“Empire” star Jussie Smollett’s name has been splashed across headlines for more than a month following his alleged attack in Chicago.
Since Jan. 22, when a homophobic death threat letter was delivered to Smollett at Fox studios followed by an attack that allegedly took place Jan. 29, statements from Smollett were looked at with skepticism, for more reasons than one. Smollett had holes in a few of his claims and police were suspicious of some of his actions, including his reluctance to let them inspect his phone.
After the alleged attack, Smollett said his attackers shouted racial and homophobic slurs at him and told him Chicago was “MAGA country,” referencing President Donald Trump’s “Make America Great Again” campaign slogan. Smollett–—who is black and openly gay—also implied during a public appearance that anyone pushing back against his claims was showing prejudice.
Now that the story is unraveling —with Smollett awaiting trial for allegedly filing a false police report after he turned himself in to Chicago Police Feb. 21—more ethical issues have fallen on the table.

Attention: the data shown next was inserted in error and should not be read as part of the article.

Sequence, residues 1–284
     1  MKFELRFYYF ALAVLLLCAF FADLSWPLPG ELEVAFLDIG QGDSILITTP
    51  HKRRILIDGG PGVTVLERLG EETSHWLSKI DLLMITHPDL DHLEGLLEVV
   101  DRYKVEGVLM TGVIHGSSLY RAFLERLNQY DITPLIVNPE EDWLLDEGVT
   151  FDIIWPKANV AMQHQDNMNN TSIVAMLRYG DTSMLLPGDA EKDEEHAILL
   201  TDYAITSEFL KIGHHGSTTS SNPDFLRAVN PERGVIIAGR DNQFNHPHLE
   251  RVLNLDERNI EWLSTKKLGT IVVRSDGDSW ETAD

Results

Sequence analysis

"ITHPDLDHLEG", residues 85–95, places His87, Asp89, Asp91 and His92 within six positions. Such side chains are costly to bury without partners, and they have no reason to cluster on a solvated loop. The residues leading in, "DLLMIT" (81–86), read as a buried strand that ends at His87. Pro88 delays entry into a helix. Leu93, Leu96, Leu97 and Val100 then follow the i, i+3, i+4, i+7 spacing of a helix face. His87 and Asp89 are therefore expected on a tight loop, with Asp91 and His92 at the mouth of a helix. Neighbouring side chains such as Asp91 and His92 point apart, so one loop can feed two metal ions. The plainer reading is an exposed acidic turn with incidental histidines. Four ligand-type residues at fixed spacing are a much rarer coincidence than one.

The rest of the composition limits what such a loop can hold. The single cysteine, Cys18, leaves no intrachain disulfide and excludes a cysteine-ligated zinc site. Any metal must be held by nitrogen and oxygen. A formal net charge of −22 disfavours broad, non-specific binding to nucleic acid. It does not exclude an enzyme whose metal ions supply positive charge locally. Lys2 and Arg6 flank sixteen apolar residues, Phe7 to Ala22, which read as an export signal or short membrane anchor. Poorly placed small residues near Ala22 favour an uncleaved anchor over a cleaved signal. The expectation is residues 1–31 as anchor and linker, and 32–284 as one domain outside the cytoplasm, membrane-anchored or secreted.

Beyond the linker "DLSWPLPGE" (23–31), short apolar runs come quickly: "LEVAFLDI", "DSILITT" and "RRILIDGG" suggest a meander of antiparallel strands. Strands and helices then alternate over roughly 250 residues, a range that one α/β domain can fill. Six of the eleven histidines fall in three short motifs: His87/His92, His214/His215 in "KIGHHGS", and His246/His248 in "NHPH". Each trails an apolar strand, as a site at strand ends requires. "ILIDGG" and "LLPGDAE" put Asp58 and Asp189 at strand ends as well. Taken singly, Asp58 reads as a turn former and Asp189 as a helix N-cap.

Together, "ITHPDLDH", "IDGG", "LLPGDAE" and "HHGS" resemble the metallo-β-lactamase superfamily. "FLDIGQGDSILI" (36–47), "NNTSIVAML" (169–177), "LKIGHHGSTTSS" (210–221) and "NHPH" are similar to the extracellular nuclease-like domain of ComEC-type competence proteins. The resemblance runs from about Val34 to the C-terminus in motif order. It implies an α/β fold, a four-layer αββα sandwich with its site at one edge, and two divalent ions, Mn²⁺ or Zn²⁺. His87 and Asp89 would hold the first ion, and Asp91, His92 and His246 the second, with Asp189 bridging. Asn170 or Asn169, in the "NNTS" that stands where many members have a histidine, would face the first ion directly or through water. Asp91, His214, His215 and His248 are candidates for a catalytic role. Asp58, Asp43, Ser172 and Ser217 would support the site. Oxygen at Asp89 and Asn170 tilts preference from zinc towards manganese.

Whether or not Smollett is found guilty, he has been made the face of something larger than himself. Before this incident, there was a lack of support and understanding regarding prejudice toward people of color. Now that Smollett, a celebrity with a platform, may be guilty of faking his own attack, it could discredit victims of hate crimes, specifically those in the black and LGBTQ communities.
Society tends to look at individuals as representatives of an entire community. If one person from a group makes a poor choice, then the community suffers the consequences.
While some may exhibit certain unfavorable characteristics, everyone cannot be reduced to the same category.
In Smollett’s case, the purpose for filing the reports will go down the drain, as he could come to be known as “the boy who cried wolf.” No one knows the reasoning behind his case, what really happened the night of the alleged attack or why it happened. He was doubted from the minute he made the report, and now that he may have lied, he will never be taken seriously again.
We cannot allow the same be true for other LGBTQ people and people of color who are victims of hate crimes. Living at the intersection of these communities can put an individual more at risk of violence. Smollett may have made a major mistake and discredited himself, but that cannot be the case for the communities he identifies with. False claims or reports of victimization should not affect our willingness to believe victims of violent discrimination.